Heh. Rather dramatic turn of events for this sort of issue, but China IP is always a hot topic, right?

I understand that this is a cool story, and with all the chatter, I don’t blame the reporter for bringing up the issue at a press conference. The idea that the biggest international event in China since the Olympics is fundamentally flawed by IP infringement is tantalizing, a juicy issue that people have been talking about for months. This is the land of shanzhai, after all, it just fits together so well.

Except that it doesn’t, at least not with respect to Gumby. Again, the theme song is a knockoff, so that fits the narrative quite nicely. But the Haibao-Gumby questions are puzzling, and I’ve yet to see the press coverage of this issue include any opinions of IP experts.

For obvious shanzhai products, like the new iPad clones, the fakes are easy to spot;  expert testimony is not really necessary. For other types of fakes, like the forged court verdict recently discovered in Henan, only folks “in the know” can spot the difference.

I'm Gumby, Damn It!

This brings us back to Haibao and Gumby. The side-by-side pic is above. What do you think about when you see Haibao? Do you think of Gumby? Is it possible that Gumby “inspired” the creation of Haibao? (Personally, I thought of Eddie Murphy’s portrayal of Gumby as an old Jewish entertainer on Saturday Night Live, but that’s me.)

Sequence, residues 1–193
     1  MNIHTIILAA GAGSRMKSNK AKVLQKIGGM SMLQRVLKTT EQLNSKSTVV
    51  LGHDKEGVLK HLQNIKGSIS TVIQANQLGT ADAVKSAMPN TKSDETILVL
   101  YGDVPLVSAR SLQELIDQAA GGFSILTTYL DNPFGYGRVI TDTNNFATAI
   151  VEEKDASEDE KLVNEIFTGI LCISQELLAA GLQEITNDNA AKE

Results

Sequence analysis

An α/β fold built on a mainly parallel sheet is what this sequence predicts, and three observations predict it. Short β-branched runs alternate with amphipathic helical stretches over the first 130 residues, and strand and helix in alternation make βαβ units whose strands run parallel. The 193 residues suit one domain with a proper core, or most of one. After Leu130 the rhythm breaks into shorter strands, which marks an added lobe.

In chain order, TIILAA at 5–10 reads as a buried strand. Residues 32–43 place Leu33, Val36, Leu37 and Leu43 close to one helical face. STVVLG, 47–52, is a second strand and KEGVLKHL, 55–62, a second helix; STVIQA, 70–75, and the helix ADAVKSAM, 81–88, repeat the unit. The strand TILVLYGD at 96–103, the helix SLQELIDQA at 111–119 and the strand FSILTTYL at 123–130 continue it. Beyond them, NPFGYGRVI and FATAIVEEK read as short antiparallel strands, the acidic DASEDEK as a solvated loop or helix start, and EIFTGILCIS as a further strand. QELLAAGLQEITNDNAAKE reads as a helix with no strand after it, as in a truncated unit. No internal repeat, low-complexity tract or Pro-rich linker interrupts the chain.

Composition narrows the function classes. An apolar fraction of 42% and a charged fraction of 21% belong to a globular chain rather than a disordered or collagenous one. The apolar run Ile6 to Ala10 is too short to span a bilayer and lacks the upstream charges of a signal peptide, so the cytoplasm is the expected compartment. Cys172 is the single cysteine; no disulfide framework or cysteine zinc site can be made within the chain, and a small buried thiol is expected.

If the answers to one of those last two questions is “yes,” do we then have a case of infringement? The media’s description of this issue suggests that Haibao therefore has an IP infringement problem. I strongly disagree.

Whether Haibao reminds you of Gumby, or even if Haibao was somehow inspired by Gumby makes no difference in a copyright infringement case if the two works in question are not similar. In this case, you can judge for yourself by looking at the picture above.

This may seem moronic, but let’s take a quick detailed look at Haibao and Gumby from a design perspective. This is an idiotic exercise, but if it ever went to court, some poor schmuck of a lawyer would actually have to sit down and write all this stuff down in this manner.